l Charter turn-in night
l Charter presentation l Chartered partner and l The unit l Sample presentation in. Commissioner Fieldbook
l Who has the forms? l Why? l What can you do about it? l Reorganize before charter expiration
l Headers l Adults l Age l Applications l Youth l Applications l Boys’ Life
l Use the tutorial l Multiple registration is in the Update Fee section l After final transmission, must make pen changes l Must have signatures and money l Fee computation does not include insurance l With 2 or more units, don’t transmit until all done l Complete a Quality Unit application for all units
l Keep the unit charter renewal process simple l ONLY registration, Boys’ Life, Quality Unit l Anticipate anything that could delay on-time charter renewal l Unit problem l Leader or institution head out of town l Etc.
BCS 103 The Commissioner and the District Instructor: Chris. Porras
Volunteers and Professionals Working Together
BCS 104 Unit Visitation Instructor: Walt Robbins
l Unit meetings l Unit committee meetings l Individual get-together with unit leader l Visit with other unit adults l Effective phone contacts
l Friend of the unit l How can you help the unit? l Know what is best for unit success l Strengthen unit adult roles l Commissioner is in the background l Be helpful, not critical l Better to call first l Know units, do homework, know what to expect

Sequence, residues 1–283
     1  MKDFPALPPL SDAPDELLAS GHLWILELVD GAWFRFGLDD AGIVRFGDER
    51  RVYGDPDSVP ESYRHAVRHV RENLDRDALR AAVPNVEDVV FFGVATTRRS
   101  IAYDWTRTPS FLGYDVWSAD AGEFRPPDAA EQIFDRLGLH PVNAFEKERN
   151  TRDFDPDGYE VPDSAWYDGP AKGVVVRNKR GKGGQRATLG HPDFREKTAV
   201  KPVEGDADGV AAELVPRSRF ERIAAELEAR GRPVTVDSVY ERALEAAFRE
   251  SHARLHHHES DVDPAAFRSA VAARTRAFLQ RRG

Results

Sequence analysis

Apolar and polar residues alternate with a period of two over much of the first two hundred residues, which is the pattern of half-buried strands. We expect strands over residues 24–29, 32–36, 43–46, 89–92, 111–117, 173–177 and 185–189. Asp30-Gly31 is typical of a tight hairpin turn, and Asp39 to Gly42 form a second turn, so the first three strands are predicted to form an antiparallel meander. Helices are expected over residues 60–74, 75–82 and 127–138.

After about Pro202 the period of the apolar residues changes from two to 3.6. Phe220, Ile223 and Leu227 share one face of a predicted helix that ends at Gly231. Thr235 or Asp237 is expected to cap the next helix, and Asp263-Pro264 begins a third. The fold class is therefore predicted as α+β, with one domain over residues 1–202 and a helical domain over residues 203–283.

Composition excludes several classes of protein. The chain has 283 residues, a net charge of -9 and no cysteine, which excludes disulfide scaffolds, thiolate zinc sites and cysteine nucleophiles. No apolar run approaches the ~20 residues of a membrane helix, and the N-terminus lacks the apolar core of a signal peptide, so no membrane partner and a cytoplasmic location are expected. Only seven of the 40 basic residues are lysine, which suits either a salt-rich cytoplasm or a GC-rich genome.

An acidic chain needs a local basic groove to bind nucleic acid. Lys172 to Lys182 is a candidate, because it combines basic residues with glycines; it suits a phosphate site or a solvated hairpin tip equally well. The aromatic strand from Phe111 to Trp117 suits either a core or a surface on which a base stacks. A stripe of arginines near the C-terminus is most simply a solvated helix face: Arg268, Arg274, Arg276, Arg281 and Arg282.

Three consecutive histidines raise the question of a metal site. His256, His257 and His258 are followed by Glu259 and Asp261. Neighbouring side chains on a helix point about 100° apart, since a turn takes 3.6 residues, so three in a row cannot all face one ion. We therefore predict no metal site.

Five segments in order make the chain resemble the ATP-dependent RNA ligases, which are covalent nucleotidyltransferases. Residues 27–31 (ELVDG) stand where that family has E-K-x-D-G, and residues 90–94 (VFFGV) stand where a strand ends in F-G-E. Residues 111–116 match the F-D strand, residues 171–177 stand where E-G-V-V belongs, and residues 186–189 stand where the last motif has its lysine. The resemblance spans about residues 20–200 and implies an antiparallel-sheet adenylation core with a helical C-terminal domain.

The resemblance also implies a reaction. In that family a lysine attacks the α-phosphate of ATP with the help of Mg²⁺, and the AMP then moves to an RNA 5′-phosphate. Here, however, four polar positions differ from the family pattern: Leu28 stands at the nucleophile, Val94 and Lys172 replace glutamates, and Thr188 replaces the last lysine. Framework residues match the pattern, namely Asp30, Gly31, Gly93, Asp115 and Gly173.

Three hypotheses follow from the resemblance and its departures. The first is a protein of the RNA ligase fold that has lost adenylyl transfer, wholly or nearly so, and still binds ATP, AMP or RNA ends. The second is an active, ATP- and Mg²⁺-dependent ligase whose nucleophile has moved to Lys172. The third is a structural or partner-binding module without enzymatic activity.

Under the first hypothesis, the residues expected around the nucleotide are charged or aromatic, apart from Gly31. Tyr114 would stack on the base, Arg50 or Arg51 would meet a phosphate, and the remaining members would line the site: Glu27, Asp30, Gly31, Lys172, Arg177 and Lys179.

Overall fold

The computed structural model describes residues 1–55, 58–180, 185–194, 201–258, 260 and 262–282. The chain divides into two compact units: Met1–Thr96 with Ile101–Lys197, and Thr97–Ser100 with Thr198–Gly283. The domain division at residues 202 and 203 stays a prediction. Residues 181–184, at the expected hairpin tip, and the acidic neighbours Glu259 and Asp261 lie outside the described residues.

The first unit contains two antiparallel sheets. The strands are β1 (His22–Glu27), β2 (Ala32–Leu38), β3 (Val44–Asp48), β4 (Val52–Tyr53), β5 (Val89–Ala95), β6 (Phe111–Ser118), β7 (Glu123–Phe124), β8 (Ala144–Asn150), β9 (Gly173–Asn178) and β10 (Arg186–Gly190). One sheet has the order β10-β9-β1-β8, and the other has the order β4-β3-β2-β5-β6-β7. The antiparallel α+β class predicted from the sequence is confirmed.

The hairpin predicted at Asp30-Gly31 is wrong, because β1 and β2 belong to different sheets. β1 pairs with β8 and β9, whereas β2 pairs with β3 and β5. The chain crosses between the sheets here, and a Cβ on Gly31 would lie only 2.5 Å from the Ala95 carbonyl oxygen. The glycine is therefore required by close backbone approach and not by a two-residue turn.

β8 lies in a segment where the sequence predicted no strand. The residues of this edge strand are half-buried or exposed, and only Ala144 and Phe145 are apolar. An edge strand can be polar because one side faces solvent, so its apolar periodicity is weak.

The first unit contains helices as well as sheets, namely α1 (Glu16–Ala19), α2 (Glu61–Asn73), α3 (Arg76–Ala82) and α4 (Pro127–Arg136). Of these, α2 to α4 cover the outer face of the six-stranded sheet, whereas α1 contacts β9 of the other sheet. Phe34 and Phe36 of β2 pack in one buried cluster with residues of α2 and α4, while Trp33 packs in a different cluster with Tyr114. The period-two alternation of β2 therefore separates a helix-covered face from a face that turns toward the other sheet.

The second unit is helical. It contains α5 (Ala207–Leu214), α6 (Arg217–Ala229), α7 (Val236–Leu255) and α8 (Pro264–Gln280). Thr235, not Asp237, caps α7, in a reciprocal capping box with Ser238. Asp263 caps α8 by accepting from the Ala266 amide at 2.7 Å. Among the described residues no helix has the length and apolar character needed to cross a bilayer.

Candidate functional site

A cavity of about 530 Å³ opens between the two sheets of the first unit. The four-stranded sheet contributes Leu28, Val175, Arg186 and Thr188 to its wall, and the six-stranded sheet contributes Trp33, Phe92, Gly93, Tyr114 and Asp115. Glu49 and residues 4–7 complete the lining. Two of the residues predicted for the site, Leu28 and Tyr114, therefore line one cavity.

l l l l l Watch and listen Do not disrupt the meeting Stay long enough Don’t take notes Chat with other adults on the sideline Get to know the boys Don’t distract the leader Give a chance to mention problems Take some freebies
l After — fill out commissioner worksheet l Determine priority needs l How can you be most helpful? l Discuss special needs with ADC / DE
l Brainstorm ways to help l Prioritize your units l Keep a positive attitude
l l l l Notify youth and adults in advance Hand out uniform inspection sheets in advance Prepare your team before the inspection Inspect the inspectors first 1 -2 inspectors per den / patrol Give an honest grade, move on Don’t sweat the small stuff Compliment the boys and adults
l “Ability to listen and react in a way that will help others solve their own problems”
BCS 105 Practical Solutions to Common Unit Needs Instructor: David Carleton
l Succeed l Develop a better program l Operate more effectively
l Review worksheets— Commissioner Helps l Nine / ten categories for each unit l Unit profile l “Some Ways to Help” suggestions
l Commissioner Helps for Packs, Troops and Crews l Standards based on experience and policy l Practical action by a commissioner